The trials involved a total of 790 participants in seven independent studies. All the studies are published between 2007 and 2013. Meta-analysis of the five studies that reported data in mean SD values revealed that the tear break-up time (TBUT) was significantly greater by 1.58 seconds. Combination of all the Schirmer's test data showed that omega-3 fatty acid supplementation could significantly improve the Schirmer's test. However, the combination of all the OSDI test data showed that omega-3 fatty acid supplementation did not significantly improve the OSDI test results.

Based on the data included in our meta-analysis, omega-3 fatty acid was associated with better TBUT and Schirmer's. No significant differences were detected in OSDI test results. Consequently, our findings suggest that omega-3 fatty acid offers is an effective therapy for dry eye syndrome.

SOURCE: Liu A, Ji J. Omega-3 essential fatty acids therapy for dry eye syndrome: a meta-analysis of randomized controlled studies. Med Sci Monit. 2014;20:1583–9.

 

News & Notes
 
GENZYME COLLABORATES ON GENE THERAPY FOR LEBER CONGENITAL AMAUROSIS TYPE 1. Genzyme, a Sanofi company, has established a research collaboration with the University of Florida and the University of Pennsylvania to develop a gene therapy for the treatment of Leber congenital amaurosis type 1, which is usually diagnosed in children less than one year of age and leaves them severely visually impaired for the rest of their lives. Genzyme is providing $900,000 in funding over three years to Dr. Shannon Boye, assistant professor of ophthalmology at the University of Florida, to fund her LCA-1 research. According to the company, the majority of the early stage LCA-1 research is being conducted at the University of Florida, with Genzyme taking on increasingly more activities as the program advances toward clinical trials. Genzyme has the option to in-license the potential treatment before it enters clinical trials. Get details on the gene therapy and more at www.genzyme.com.

POSITIVE RESULTS REPORTED FROM PHASE I STUDY OF CYCLASOL EYE DROPS. Novaliq GmbH has reported positive Phase I results with its CyclASol 0.05% cyclosporin solution eye drop formulation in clinical development for patients with dry-eye syndrome. The double-blind, randomized, placebo-controlled crossover study consisted of 18 patients and investigated safety, local tolerability and systemic exposure of CyclASol eye drops and vehicle following single and multiple ocular doses in healthy volunteers. According to Novaliq, no drug-related signs or symptoms of ocular discomfort or irritation were reported—in particular no dryness, grittiness, burning, stinging, tiredness, blurred or foggy vision, redness, watery eyes, eye mucus or crusting. In slit-lamp examinations, no subjects revealed any clinically abnormal signs of the anterior and posterior eye structures. Furthermore, with dosing of up to four drops per eye per day, no systemic levels of cyclosporin were detected after any dose or at any time point using a highly sensitive assay with a LLOQ as low as 0.1 ng/ml.

GLAUCOMA CANDIDATE VESNEO MEETS PRIMARY ENDPOINT IN PHASE III STUDIES. Valeant Pharmaceuticals International Inc.'s wholly owned subsidiary Bausch + Lomb and Nicox S.A. just announced positive top-line results from the pivotal Phase III studies conducted with the novel nitric oxide-donating prostaglandin F2-alpha analog Vesneo (latanoprostene bunod, previously known as BOL-303259-X and NCX 116) for the reduction of intraocular pressure in patients with glaucoma or ocular hypertension. The pivotal Phase III program includes two separate randomized, multicenter, double-masked, parallel-group clinical studies designed to compare the efficacy and safety of Vesneo administered once daily against timolol maleate 0.5% administered twice daily in lowering IOP in patients with open-angle glaucoma or ocular hypertension. These studies met their primary endpoint of non-inferiority to timolol maleate 0.5% and Vesneo showed a reduction in mean IOP of 7.9 mmHg to 9.1 mmHg from baseline between two and 12 weeks of treatment. They also showed positive results on a number of secondary endpoints. There were no significant safety findings in either study. Bausch + Lomb expects to submit a new drug application to the FDA for the approval of Vesneo in mid-2015.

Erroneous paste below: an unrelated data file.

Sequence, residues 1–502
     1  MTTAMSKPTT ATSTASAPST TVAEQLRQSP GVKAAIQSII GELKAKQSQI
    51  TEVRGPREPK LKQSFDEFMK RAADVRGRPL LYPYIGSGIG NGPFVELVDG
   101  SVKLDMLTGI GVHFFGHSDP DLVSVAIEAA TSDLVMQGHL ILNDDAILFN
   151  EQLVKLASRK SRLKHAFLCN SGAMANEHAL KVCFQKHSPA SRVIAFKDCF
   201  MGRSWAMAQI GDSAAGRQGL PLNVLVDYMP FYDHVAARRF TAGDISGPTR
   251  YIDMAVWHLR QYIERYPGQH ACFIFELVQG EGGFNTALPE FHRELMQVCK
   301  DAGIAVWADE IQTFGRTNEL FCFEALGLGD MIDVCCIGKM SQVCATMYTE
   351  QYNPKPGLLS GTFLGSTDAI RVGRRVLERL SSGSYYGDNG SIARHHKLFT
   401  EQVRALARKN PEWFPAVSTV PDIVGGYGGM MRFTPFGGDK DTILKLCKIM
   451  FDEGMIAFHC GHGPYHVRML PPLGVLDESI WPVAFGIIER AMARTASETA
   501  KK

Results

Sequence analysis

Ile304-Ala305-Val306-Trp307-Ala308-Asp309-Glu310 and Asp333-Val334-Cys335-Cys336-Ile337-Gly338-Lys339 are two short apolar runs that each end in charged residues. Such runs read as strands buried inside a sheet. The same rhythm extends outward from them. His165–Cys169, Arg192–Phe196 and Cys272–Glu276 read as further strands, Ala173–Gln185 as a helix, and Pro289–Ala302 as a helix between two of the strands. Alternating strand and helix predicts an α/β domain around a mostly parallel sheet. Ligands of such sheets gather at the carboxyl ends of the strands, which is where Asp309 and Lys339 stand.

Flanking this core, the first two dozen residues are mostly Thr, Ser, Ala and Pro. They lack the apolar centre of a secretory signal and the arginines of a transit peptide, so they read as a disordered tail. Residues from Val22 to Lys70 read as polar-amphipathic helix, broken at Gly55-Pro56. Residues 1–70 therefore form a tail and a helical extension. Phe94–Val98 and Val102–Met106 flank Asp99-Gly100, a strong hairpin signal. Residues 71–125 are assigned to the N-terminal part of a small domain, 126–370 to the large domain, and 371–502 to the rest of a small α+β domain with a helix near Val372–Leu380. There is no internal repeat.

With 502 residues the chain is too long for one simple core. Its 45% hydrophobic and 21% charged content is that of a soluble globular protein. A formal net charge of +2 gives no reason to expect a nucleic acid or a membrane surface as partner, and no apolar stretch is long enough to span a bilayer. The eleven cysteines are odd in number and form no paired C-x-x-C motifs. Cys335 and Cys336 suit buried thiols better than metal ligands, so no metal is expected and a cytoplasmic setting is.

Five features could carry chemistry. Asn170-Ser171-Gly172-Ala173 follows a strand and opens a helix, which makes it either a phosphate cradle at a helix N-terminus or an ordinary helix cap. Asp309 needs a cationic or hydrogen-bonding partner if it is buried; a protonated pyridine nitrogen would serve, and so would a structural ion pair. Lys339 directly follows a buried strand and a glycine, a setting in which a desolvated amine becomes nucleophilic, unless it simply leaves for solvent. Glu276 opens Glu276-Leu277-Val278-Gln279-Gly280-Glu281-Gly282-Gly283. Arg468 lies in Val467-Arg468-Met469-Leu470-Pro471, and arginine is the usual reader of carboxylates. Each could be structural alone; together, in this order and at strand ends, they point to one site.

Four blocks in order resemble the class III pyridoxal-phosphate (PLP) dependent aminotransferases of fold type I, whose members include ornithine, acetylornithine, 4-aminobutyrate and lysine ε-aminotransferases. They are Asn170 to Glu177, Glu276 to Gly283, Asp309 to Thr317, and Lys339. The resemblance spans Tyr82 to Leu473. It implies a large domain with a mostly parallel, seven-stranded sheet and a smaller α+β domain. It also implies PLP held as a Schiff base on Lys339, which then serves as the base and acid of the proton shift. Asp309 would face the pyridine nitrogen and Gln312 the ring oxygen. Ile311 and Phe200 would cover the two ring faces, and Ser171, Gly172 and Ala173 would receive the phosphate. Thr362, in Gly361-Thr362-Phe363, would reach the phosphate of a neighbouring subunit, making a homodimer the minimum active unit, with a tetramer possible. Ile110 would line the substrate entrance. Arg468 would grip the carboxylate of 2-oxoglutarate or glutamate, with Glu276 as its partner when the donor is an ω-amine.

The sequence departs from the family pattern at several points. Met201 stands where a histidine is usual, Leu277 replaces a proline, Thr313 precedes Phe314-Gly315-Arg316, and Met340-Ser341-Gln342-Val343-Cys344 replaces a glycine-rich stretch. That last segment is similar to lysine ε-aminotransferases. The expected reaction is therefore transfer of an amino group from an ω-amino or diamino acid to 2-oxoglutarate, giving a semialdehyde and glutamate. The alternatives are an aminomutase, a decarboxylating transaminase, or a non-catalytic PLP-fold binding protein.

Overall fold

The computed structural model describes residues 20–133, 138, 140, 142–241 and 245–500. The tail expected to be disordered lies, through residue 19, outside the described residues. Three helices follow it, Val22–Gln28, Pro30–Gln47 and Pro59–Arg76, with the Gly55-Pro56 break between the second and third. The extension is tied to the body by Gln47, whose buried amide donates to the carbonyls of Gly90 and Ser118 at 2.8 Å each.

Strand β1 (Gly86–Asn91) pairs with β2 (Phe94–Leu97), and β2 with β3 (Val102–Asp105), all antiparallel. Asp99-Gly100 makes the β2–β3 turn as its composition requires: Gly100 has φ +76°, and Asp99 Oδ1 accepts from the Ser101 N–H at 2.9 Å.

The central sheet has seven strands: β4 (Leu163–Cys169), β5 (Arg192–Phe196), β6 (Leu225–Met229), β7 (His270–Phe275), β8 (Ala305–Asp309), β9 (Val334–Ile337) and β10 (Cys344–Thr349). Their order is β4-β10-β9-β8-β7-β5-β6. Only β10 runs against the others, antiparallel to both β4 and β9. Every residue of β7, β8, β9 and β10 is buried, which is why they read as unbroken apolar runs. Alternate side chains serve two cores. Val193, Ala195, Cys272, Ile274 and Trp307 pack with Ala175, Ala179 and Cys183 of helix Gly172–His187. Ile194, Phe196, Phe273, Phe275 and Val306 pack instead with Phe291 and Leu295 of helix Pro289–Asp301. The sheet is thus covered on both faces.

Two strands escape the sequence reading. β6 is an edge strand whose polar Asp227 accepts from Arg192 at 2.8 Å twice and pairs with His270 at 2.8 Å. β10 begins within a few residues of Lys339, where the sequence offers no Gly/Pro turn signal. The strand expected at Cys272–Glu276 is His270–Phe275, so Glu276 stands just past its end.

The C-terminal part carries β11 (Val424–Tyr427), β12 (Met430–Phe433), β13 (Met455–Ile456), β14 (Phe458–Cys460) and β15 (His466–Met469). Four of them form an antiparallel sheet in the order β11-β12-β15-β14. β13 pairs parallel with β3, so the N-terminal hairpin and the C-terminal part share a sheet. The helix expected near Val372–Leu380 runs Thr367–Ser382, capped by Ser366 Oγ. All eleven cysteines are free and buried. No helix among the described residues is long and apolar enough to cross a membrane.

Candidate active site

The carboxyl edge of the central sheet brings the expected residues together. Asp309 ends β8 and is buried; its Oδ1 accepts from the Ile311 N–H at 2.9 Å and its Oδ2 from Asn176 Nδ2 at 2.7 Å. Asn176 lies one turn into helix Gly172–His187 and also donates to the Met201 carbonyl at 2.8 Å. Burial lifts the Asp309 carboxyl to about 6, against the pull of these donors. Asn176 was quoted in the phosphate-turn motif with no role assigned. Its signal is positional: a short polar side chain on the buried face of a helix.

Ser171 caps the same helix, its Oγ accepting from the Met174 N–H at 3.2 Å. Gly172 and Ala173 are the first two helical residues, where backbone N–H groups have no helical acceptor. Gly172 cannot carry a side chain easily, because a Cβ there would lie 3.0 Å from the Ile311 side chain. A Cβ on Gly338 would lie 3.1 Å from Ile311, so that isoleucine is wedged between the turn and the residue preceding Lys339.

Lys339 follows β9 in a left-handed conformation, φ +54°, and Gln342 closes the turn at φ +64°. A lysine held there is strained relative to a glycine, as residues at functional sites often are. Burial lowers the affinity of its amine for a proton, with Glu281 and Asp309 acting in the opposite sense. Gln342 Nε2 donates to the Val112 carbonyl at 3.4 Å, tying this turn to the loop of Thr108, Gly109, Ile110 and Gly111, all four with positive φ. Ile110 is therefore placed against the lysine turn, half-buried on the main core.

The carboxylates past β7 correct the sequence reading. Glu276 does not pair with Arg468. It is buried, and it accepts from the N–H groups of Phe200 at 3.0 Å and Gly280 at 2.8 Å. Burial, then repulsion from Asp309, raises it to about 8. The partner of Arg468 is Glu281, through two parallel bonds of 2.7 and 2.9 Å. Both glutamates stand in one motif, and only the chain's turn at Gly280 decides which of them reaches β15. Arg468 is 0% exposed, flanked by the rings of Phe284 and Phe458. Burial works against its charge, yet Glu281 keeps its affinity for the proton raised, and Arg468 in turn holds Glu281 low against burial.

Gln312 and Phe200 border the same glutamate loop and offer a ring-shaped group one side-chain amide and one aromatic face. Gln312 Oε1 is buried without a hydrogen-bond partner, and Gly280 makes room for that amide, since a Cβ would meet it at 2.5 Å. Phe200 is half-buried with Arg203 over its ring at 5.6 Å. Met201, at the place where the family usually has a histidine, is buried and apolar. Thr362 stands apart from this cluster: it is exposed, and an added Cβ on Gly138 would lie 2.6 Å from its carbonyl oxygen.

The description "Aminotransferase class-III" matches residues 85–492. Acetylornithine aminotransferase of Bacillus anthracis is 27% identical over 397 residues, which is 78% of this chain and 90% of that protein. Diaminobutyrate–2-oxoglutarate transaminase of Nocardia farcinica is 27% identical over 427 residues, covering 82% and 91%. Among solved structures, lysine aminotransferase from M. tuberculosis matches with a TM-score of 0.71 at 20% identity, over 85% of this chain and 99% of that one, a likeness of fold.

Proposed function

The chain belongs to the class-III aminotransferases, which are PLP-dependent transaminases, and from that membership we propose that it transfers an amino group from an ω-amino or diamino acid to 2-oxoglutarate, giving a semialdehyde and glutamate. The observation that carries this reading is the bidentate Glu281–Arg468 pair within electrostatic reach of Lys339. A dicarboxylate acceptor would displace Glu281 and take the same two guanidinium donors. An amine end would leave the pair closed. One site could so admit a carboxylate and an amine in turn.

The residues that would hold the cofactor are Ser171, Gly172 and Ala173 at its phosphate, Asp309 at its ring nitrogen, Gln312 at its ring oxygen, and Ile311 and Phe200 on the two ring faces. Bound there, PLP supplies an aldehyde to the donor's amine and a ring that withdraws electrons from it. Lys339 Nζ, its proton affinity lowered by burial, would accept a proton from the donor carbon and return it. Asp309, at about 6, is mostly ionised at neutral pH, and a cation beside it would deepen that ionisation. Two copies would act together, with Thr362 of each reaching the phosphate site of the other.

SUCCESSFUL RESULTS FROM PHASE III STUDY OF SUB-MICRON LOTEPREDNOL ETABONATE OPHTHALMIC GEL, 0.38%. In a recent press release, Bausch + Lomb, a wholly owned subsidiary of Valeant Pharmaceuticals International Inc., revealed that its next-generation, sub-micron gel formulation of loteprednol etabonate was statistically superior to placebo (vehicle gel) in eliminating inflammation and pain following cataract surgery by study day eight, the primary endpoints in the first Phase III, multicenter, double-masked, vehicle-controlled, parallel-group study. According to the company, the new gel formulation features a sub-micron particle size, intended to enhance tissue penetration of the drug, and a lower concentration of loteprednol etabonate (0.38%) than its currently marketed Lotemax (loteprednol etabonate ophthalmic gel 0.5%). Information about a second Phase III trial of sub-micron loteprednol etabonate (0.38%) gel in recently initiated postoperative cataract surgery patients is available at www.clinicaltrials.gov. Bausch + Lomb expects to file a New Drug Application with the FDA for sub-micron loteprednol etabonate (0.38%) on the basis of data from these two studies in the second half of 2015.

NICOX COMPLETES ACQUISITIONS OF FRENCH OPHTHALMIC COMPANY AND CARRAGELOSE ANTI-VIRAL EYE DROP PROGRAM. Nicox S.A. has completed the acquisition of Doliage, a privately held French ophthalmic company, as part of its strategy to develop an ophthalmic commercial infrastructure in the five major European markets. The company also completed the acquisition of the Carragelose anti-viral eye drop program through the acquisition of AVEye Biotechnologie GmbH, a wholly owned affiliate of Marinomed Biotechnologie GmbH, which owns the entirety of the eye drop program. This particular acquisition provides Nicox with an innovative anti-viral ophthalmic product that could be launched in Europe within two years, pending CE marking, for the management of viral conjunctivitis. For more information, visit www.nicox.com.
   

 

 


Optometric Physician™ Editorial Board
 

Chief Medical Editor
Arthur B. Epstein, OD, FAAO

Journal Reviews
Shannon Steinhäuser, OD, FAAO


Contributing Editors
• Katherine M. Mastrota, MS, OD, FAAO
• Barry A. Weissman, OD, PhD, FAAO (Dip CL)

Editorial Board
• William Jones, OD, FAAO
• Alan G. Kabat, OD, FAAO
• Bruce Onofrey, RPh, OD, FAAO
• John Schachet, OD, FIOS
• Joseph Shovlin, OD, FAAO